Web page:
2016-2017 Offenses
 Number of Offenses
Alcohol, Tobacco, and Other Drug Offenses<
Technology Offenses<
Offenses Against Student<
Offenses Against Staff<
Weapons Offenses<
Property Offenses<
All Other Offenses<
Other Offenses Against Persons58
Disorderly or Disruptive Behavior Offenses168
LEGEND< = A group below state definition for personally identifiable results
- = No data for group
* = Data not yet available
Unduplicated = Students are able to be in two gap groups

Short Term Suspensions

Short Term Suspensions:

Increasingly, Virginia schools are implementing Positive Behavioral Interventions and Supports, a nationally-recognized approach to support positive academic and behavioral outcomes for students. This positive approach to discipline prepares teachers and principals to implement new techniques that reduce disruptive student behaviors that lead to suspensions and decrease instructional time.

A short-term suspension (10 days of less) may be imposed by a principal, an assistant principal, or a designee teacher in the principal’s absence. The principal or assistant principal must tell the student of the charges against him or her. If the student denies them, he or she is given an explanation of the facts as known to the school and an opportunity to present his version of what occurred. Notice to the parent may be oral or written, depending on local school board policy, and must include information on the length of the suspension, the availability of community-based educational options, and the student’s right to return to regular school attendance when the suspension period has expired.  A parent may ask for a short-term suspension decision to be reviewed by the superintendent or his designee. Local school board policy will determine whether the superintendent’s decision is final or can be appealed to the local school board. For more information, see A Parent’s Guide To Understanding Student Discipline Policies and Practices In Virginia Schools.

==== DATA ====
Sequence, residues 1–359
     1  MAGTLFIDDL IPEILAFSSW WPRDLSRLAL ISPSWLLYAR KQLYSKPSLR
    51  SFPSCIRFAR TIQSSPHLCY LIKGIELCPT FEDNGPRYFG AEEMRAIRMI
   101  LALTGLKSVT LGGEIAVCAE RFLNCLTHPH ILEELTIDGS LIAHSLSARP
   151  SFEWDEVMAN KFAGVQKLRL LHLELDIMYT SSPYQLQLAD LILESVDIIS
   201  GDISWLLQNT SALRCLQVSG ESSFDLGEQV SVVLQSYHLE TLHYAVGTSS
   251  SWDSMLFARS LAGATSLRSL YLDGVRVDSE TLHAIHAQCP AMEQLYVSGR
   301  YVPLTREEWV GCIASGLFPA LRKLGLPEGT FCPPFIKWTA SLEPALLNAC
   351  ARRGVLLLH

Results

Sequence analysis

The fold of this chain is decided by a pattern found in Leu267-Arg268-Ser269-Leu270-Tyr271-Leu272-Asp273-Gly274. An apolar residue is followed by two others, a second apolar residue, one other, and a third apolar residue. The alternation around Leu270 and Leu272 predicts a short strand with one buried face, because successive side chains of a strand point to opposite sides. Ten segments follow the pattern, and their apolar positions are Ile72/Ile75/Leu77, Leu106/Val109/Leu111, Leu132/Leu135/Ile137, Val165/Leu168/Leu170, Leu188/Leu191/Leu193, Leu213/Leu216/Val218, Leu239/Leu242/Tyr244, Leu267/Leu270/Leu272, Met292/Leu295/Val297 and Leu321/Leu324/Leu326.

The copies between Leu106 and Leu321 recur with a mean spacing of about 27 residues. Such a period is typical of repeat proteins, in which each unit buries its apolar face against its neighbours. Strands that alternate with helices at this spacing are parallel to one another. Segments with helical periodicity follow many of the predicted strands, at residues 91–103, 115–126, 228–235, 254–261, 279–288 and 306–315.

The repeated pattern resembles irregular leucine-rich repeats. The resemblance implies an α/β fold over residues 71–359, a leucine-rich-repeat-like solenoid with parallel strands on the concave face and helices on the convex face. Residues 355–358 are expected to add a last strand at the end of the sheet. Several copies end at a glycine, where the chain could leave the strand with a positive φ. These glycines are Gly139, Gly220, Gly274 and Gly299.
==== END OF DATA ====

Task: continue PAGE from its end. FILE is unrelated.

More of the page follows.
Short Term Suspensions
 2014-20152015-20162016-2017
Subgroup% Population% Short Term Suspensions% Population% Short Term Suspensions% Population% Short Term Suspensions
American Indian0.1770.036
Asian3.6091.023.5783.736